The analogy is imperfect: Nineteenth-century Irish potato farmers thought the famine was temporary and therefore underreacted (continuing to plant as before), while 1980s American manufacturing workers thought the widening wage gap was temporary and therefore overreacted. In both cases, inappropriate reactions magnified the effects of the initial surprise.
One moral is that it's better not to make mistakes than to make mistakes. But of course we already knew that. The deeper moral is that one particular kind of mistake—a confusion between what is temporary and what is permanent—can explain a lot of human history.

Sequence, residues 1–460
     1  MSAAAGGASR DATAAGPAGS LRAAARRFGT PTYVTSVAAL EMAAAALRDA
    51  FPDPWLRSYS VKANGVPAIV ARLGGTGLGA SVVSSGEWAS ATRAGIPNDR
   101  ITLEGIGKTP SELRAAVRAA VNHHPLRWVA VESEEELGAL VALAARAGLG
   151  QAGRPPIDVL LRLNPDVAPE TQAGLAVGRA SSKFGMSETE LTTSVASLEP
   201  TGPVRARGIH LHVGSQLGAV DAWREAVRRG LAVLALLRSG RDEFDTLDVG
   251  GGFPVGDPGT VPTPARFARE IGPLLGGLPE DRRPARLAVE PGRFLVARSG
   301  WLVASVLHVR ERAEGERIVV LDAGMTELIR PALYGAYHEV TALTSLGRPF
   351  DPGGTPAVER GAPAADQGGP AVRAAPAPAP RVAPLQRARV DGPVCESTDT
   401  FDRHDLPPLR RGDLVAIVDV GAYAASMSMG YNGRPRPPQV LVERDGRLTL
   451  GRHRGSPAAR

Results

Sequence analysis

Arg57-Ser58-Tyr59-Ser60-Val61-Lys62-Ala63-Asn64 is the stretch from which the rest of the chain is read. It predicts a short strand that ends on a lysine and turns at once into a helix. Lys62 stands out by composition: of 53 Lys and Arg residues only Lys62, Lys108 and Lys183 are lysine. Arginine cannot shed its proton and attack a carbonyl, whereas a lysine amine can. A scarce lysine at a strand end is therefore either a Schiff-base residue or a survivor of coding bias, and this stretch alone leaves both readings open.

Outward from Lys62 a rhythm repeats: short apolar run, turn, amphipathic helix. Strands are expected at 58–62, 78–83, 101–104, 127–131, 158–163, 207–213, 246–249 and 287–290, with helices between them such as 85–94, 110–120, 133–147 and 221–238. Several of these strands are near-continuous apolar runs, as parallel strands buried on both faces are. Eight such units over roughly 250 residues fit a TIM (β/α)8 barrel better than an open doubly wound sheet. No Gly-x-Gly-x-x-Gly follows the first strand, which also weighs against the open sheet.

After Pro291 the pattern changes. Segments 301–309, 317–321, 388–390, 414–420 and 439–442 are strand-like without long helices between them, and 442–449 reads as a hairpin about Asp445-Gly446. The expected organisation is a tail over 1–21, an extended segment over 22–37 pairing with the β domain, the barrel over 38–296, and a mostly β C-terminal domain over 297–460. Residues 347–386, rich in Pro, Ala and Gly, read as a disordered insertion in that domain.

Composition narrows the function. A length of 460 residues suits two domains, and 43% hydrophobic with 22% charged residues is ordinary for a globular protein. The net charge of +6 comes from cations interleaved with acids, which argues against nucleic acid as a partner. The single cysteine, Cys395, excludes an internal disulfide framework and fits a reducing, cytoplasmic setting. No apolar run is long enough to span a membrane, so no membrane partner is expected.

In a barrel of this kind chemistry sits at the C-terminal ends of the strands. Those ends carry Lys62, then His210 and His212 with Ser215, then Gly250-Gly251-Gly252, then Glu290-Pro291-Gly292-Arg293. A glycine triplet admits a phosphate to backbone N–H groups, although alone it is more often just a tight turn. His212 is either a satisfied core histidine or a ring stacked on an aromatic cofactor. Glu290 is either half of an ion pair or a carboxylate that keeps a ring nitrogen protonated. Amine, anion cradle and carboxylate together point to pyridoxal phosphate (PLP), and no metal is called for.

TODAY IN SLATE
More Than Scottish Pride
Scotland’s referendum isn’t about nationalism. It’s about a system that failed, and a new generation looking to take a chance on itself.
IOS 8 Comes Out Today. Do Not Put It on Your iPhone 4S.
Why Greenland’s “Dark Snow” Should Worry You
Three Talented Actresses in Three Terrible New Shows
The Human Need to Find Connections in Everything
It’s the source of creativity and delusions. It can harm us more than it helps us.
Happy Constitution Day!
Too bad it’s almost certainly unconstitutional.